22 October 2015
Christopher Lamb in Rome
Communion: internal solution for divorcees that's already there
In recent days the Synod on the Family a new pathway - described as the internal forum solution - has emerged for allowing the divorced and remarried to return to communion.
Today the Vatican put out a briefing note to journalists on what it means. Put simply, in Catholic theology there is the notion of both an external and internal forum. The external relates to where the Church acts publicly, in the realm of canon law and authority, for example. The internal is concerned with conscience and pastoral practice.
When it comes to marriage the external forum deals with questions of nullity and whether a marriage was valid in the first place. Anyone who is divorced and remarried and wants to return to communion is obliged first to see if the “external” path of receiving an annulment is possible.
Quite often there are many reasons why this option is not possible so the internal solution becomes a possibility. With the help of a priest, an individual forms their conscience about the validity of their first marriage or its breakdown. By its nature the internal forum is confidential and is “based on pastoral judgment, a decision made by the appropriate priest.”
It is possible, therefore, that an individual can return to communion as a result of this discernment process.
During the synod the German speaking bishops have proposed this as a way forward. It does not require “penitential pathways” for the divorced and remarried to follow nor does it affect the teaching on indissolubility of marriage.
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The truth is, however, that the internal forum solution is not a new idea. At a briefing with journalists today Cardinal Oswald Gracias, who is part of the 10-man committee drafting the synod’s final document, said it was first proposed by German moral theologian Bernard Haring.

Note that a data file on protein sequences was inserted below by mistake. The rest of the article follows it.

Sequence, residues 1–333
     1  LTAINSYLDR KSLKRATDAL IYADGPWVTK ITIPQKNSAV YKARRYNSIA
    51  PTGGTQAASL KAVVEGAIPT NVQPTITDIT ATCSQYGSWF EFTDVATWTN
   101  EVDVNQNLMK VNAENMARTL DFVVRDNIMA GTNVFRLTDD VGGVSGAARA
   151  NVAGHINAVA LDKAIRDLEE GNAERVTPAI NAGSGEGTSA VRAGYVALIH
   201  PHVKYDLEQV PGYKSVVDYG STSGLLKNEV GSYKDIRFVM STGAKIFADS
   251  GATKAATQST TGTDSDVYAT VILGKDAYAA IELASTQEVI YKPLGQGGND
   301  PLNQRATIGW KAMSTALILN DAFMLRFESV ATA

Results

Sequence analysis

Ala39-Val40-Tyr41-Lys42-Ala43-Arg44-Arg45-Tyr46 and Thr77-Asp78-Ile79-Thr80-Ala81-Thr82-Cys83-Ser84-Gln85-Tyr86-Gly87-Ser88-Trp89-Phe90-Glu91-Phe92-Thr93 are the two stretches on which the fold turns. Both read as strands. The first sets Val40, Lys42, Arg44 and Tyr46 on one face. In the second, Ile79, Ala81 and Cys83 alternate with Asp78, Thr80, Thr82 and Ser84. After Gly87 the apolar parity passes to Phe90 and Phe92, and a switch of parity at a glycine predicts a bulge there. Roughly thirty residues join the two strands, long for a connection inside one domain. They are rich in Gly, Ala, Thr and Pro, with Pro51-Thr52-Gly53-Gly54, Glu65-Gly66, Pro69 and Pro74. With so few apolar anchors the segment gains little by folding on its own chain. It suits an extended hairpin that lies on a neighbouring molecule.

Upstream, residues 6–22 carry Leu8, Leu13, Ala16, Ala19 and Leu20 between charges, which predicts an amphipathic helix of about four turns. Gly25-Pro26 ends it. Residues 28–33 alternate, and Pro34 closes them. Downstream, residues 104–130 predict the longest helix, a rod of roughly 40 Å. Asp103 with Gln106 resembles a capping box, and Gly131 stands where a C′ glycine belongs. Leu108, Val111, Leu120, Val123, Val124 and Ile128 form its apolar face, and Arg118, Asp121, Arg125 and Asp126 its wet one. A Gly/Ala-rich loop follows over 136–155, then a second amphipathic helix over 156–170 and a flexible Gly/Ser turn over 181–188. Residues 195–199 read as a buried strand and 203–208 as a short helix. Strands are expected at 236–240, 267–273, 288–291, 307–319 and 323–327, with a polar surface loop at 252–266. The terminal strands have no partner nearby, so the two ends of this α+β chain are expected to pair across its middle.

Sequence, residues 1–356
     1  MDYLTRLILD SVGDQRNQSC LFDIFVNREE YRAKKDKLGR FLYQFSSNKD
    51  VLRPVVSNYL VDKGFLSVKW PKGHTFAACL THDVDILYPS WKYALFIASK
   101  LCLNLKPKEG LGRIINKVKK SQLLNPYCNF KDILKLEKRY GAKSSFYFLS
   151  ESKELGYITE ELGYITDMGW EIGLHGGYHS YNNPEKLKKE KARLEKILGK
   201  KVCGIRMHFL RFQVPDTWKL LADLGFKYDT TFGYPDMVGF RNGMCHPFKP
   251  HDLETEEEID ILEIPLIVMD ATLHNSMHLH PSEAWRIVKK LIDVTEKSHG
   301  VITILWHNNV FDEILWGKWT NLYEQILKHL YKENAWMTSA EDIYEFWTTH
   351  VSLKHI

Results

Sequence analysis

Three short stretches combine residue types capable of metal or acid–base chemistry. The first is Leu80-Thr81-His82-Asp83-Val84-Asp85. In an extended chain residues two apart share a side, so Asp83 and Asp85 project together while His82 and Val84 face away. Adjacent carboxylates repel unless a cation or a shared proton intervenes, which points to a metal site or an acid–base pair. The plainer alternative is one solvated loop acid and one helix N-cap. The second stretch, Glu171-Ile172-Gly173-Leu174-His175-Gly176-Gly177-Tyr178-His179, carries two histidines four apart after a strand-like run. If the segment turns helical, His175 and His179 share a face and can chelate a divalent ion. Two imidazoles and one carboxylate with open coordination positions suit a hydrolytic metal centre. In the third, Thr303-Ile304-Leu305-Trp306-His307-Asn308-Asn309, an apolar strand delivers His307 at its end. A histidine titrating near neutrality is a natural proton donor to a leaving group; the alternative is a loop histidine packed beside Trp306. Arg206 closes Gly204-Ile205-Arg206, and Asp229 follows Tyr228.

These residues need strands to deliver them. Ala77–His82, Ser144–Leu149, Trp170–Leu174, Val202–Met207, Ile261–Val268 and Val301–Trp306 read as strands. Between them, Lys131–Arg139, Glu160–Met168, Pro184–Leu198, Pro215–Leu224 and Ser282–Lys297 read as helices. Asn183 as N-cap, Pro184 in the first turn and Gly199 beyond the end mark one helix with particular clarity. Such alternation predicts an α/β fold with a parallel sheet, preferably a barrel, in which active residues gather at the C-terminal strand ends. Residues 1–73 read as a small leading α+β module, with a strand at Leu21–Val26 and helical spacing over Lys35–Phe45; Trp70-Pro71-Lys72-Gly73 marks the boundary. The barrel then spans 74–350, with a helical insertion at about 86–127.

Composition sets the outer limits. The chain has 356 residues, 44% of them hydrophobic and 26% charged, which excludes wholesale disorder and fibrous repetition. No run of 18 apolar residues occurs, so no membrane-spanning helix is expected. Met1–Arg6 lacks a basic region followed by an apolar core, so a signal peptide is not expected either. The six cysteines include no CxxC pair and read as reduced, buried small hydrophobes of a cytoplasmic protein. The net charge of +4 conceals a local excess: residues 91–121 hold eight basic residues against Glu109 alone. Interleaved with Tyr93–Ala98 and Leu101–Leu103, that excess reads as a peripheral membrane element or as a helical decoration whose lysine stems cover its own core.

He wrote an article in 1970, for a canon law publication for the Catholic University of America, The Jurist, titled Internal Forum Solutions to Insoluble Marriage Cases.
The proposal has been opposed by conservatives as allowing the remarried to access the sacraments by the back door. For them, it is the external forum or nothing.
In 1991, the then Prefect of the Congregation of the Doctrine of the Faith, Cardinal Joseph Ratzinger, wrote to The Tablet to rule out the internal forum as a possibility. He was responding to an article here which suggested he was in favour.
The reality is, however, that in many dioceses across the western world, priests are already using the internal forum solution, be it in the confessional or privately.
There are huge numbers of cases of people who are unable to pursue annulments.
Even with the Pope’s new guidelines to speed up the process many whose marriages have failed find obtaining an annulment is too difficult because they cannot establish that their first marriage was invalid.
Others believe strongly that their first marriage simply failed or died rather than being null or invalid in the first place.
So instead they are receiving the eucharist after a deep examination of conscience, with the help of a spiritual guide.
It seems unlikely that the synod will rule either way on this topic. Cardinal Gracias said the Church is still “seeking out a path” and that the final document will be more of a guide than anything else. Further study is likely.
In the meantime, the internal forum solution will probably continue to be used by many priests keen to exercise pastoral sensitivity.
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